Cross-border divorces: focus on the interest of the child

“Besides placement in a foster family or care institution, judges should have the possibility to entrust a child to other members of the family or relatives with whom a child has established relations. Siblings should not be divided. In cases where a child is entrusted to a foster family abroad, Member States should provide for continuity in the child's upbringing and in his or her ethnic, religious, cultural and linguistic background. The parents should be allowed to visit their child on a regular basis. These are among the main changes proposed by the European Parliament to the Brussels IIa Regulation which sets the rules on jurisdiction, the recognition and enforcement of decisions in matrimonial matters, matters of parental responsibility, and on international child abduction”, explained Tadeusz Zwiefka MEP, Vice-Chairman of the EPP Group and author of the Report.

The Regulation sets the procedural rules in cases such as entrusting custody of a child when parents separate or divorce, contacts with a child, appointing persons or institutions responsible for the child's property and representing him/her, and placing a child in a foster family or in a care institution. It also regulates the proceedings in the case of child abduction by one of the parents. The Regulation applies to international couples or couples who live in a different Member State than their own.

“The key issue of the proposed changes is to allow the child to express his or her views when he/she is the subject of a dispute between the parents. The courts will be free to decide whether or not the child should be heard, but any decision not to hear the child in a trial must be duly justified. We also propose to establish a general guideline for the hearing: it should be conducted without any pressure from the interested parties, under conditions which take into account the child’s age, maturity, language etc, so as to guarantee the emotional integrity and the best of the child's well-being”, continued Zwiefka.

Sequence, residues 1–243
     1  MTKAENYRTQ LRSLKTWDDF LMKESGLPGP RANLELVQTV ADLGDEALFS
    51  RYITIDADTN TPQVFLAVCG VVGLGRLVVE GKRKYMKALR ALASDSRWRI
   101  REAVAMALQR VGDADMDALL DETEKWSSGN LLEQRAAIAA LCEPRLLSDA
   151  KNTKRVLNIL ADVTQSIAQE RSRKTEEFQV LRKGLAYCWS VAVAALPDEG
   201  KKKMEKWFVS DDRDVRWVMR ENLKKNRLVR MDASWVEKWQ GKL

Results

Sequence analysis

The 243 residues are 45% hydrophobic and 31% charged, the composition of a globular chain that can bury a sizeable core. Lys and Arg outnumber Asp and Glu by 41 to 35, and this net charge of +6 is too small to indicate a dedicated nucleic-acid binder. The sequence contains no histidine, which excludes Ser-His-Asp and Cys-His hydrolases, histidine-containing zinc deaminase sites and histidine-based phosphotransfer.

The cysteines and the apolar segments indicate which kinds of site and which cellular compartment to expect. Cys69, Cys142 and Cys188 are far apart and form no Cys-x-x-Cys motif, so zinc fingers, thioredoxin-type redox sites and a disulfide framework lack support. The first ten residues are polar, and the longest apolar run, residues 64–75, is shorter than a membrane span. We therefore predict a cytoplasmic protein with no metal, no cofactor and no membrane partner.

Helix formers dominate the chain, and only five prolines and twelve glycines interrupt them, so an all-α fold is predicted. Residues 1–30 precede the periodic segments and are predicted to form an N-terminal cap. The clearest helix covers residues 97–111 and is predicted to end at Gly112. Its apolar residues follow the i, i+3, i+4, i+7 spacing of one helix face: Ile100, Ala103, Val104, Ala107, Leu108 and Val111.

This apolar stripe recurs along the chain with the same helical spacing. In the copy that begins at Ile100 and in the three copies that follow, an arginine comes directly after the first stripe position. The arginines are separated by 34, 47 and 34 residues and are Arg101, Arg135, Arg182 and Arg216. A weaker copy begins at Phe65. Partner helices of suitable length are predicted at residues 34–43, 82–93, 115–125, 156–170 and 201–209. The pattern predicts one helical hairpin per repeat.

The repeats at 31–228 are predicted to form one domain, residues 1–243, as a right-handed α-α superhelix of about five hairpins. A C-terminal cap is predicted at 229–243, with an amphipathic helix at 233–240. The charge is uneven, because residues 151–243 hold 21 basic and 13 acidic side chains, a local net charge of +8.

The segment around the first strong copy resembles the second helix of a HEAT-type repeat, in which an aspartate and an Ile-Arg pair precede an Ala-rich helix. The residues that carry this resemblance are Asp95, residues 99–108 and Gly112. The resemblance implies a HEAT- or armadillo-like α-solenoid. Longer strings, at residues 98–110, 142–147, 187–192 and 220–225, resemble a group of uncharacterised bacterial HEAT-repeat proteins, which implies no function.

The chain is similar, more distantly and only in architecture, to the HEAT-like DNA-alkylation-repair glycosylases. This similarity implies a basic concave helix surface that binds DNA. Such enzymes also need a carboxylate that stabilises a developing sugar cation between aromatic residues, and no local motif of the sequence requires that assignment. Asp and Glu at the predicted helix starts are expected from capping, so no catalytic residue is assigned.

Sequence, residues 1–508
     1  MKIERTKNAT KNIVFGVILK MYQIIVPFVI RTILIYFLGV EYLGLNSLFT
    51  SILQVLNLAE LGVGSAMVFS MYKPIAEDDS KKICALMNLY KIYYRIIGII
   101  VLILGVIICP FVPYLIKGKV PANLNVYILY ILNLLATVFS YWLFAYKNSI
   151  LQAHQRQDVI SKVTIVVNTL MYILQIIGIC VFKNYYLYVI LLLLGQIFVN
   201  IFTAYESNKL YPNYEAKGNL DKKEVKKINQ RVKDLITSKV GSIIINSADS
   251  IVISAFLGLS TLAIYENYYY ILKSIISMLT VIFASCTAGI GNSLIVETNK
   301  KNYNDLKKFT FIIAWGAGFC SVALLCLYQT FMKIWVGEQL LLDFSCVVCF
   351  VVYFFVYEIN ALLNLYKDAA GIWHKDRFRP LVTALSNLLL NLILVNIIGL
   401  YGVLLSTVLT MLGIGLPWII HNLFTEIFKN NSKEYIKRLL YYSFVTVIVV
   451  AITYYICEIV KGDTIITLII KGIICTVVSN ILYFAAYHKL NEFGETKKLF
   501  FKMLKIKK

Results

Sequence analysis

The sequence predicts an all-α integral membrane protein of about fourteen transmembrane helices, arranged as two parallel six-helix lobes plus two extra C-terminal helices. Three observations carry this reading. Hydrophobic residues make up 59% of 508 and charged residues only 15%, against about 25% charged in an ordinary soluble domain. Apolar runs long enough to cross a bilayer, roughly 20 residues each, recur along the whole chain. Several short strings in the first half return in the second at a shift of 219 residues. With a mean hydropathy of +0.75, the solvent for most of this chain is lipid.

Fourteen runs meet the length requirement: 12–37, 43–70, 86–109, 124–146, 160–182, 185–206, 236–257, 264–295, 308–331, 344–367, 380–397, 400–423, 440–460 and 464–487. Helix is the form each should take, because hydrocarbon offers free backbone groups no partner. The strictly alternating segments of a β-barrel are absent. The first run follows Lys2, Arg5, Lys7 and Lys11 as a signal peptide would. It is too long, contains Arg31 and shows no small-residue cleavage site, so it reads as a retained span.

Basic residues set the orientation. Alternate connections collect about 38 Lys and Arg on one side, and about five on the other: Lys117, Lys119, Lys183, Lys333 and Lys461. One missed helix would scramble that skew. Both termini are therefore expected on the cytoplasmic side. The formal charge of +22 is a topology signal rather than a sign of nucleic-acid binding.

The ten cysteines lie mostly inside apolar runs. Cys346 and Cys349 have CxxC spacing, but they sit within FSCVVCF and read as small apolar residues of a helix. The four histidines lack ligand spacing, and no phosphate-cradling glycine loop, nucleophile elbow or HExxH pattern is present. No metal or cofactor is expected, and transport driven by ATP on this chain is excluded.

In cases of parental abductions, the Rapporteur subscribed to the European Commission’s initial proposals to shorten the time of proceedings. “In cases where a child is abducted by one of his or her parents to a different country, the Member State will have a maximum of 18 weeks to pass judgment: this means 6 weeks to gather and exchange information between the authorities involved and the court, 6 weeks to work on the case and 6 weeks for a potential appeal, which is allowed only once. There is also a limit of 6 weeks for an enforcement of the decision in another Member State”, stressed Zwiefka.

“All changes proposed by the Parliament insist on the individual approach to each case and focus on the child’s best interest. Judges should have access, in the shortest possible time, to full information about the child and people requesting to take care of the child. The adequate institutions in each Member State have a duty to provide such information. Only then will it be possible to establish what is best for the child after the collapse of the parents’ relationship”, he concluded.

The European Parliament is giving its opinion today on the issue. The Council will have its final say in the unanimity procedure.

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The EPP Group is the largest political group in the European Parliament with 217 Members from 27 Member States

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